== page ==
If, in fact, a customer decides to pursue the option of contacting support, they have two options:
1. Contact the number on the screen, providing the support session ID appearing on the screen with the result being a voice contact or a WeChat/ Whatsapp business chat/call/video.
2. Read the QR-Code and access an instant app or Progressive Web App, avoiding store installation for new users. This would lead to voice contact, a message through an instant messaging app (Facebook, Whatsapp or WeChat integration) or a video call (upon user authorization to share video).
While following these procedures, we gain a clearer and more direct engagement with the user, as it allows them to also share video and images with the Helpdesk Operator in charge of the case. On the Helpdesk Operator side of things, they/it would be provided with much more information right from the start and can even prompt the user to allow a STB screenshot capture. Moreover, the Helpdesk Operator would be able to execute remote actions, like rebooting the device, installing or removing apps, emulate remote buttons, and so on. Nevertheless, these actions should only be pursued after the assurance that privacy policies are being respected and that the user has consented to this before pursuing the action.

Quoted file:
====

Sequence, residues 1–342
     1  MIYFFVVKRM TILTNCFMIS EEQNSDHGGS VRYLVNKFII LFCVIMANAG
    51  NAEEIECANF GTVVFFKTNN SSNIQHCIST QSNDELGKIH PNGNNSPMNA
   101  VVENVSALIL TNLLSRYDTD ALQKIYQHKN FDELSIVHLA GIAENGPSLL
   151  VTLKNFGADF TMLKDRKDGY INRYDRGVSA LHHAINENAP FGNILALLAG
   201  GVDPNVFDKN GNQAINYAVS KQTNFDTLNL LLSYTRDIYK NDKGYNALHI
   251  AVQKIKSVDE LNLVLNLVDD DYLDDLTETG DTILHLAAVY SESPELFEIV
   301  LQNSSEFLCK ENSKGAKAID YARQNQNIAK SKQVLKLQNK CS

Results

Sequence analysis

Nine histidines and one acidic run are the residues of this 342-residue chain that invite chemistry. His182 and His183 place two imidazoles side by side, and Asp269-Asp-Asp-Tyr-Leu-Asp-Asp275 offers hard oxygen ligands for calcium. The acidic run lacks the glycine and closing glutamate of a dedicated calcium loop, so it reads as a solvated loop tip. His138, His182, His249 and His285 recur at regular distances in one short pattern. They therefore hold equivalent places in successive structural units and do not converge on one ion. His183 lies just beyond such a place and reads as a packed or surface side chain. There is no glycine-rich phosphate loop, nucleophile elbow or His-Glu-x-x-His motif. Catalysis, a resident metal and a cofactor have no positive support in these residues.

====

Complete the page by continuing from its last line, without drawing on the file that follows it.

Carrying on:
Finally, when the problem is solved, the user is invited to give feedback on the support session, this way ensuring it met with the company’s standards. The user would also receive an email with a summary of the remote session, indicating the problem, the solution, the results and a list of remote performed actions. By accessing the support app, the user would also be able to see the complete history of all support actions and delete all the data, so that everything is compliant with privacy policies.
So, throughout this article, we’ve shown that Google’s Android TV is able to solve one of the biggest hurdles between companies and their customers. It enables support teams to solve issues even if the user can’t explain the problem or even perform specific tasks to achieve any given result. Using Android TV, users gain the ability to show the problem in real-time to the Helpdesk Operator and the support team can fix it, clearly enhancing the perceived customer service and user experience.
If you wish to know more about how Android TV could help maximize your business’ potential, be sure to visit us at our website.